In 1882, Peter J. McGuire, a leader of the labor union the Brotherhood of Carpenters and Joiners (joiner being "a craftsman who constructs things by joining pieces of wood" or "a worker in wood who does more ornamental work than a carpenter") proposed a day to honor laborers. Laborers were considered a new class that worked in the factories and plants created by the Industrial Revolution. Labor Day became a national holiday on which workers in the 1890s and early 20th century used to call attention to their grievances. There were often parades, political speeches, fireworks, and a picnic.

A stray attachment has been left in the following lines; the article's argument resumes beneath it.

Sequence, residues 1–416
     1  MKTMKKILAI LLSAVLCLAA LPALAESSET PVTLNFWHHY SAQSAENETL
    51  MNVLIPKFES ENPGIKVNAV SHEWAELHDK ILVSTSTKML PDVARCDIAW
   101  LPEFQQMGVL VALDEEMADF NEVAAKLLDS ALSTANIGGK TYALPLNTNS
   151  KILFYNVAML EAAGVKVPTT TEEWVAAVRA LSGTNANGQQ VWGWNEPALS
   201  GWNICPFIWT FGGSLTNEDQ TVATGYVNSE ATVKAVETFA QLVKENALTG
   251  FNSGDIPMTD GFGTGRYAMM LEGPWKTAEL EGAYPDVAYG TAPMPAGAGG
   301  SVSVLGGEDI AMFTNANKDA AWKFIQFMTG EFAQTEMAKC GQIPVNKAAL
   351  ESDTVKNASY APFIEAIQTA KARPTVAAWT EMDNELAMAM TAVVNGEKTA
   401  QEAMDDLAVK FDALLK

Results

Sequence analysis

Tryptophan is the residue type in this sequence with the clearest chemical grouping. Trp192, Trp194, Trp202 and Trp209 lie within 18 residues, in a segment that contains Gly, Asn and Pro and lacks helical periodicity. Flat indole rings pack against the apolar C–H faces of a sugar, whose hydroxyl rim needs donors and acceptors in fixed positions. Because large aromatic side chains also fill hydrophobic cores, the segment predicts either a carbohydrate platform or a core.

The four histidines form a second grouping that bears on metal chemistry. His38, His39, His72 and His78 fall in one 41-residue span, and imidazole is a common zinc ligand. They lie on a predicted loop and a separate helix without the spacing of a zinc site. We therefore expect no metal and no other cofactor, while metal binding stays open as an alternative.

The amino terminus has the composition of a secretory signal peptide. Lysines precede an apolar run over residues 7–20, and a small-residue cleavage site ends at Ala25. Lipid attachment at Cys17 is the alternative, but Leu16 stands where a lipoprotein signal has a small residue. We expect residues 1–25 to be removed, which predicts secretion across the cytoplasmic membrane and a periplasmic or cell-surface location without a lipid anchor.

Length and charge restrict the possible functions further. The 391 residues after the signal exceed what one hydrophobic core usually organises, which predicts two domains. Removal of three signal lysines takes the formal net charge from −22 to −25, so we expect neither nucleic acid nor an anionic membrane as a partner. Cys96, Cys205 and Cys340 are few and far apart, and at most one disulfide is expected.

Today, Labor Day, celebrated on the first Monday in September (as of 1894, by law), simply honors anyone who works. The date has no traditional or historic significance but was picked because it filled a gap in the schedule of legal holidays. Canada also celebrates Labor Day on the first Monday in September; many other countries observe this on May 1.
The word labor comes from Latin laborem, "distress, toil trouble; drudgery, labor," and first referred to work that was compulsory or painful. The meaning changed with the advent of the Industrial Revolution. The first labor unions or trade unions came with the Industrial Revolution in Great Britain in the 18th century.
- from Dictionary.com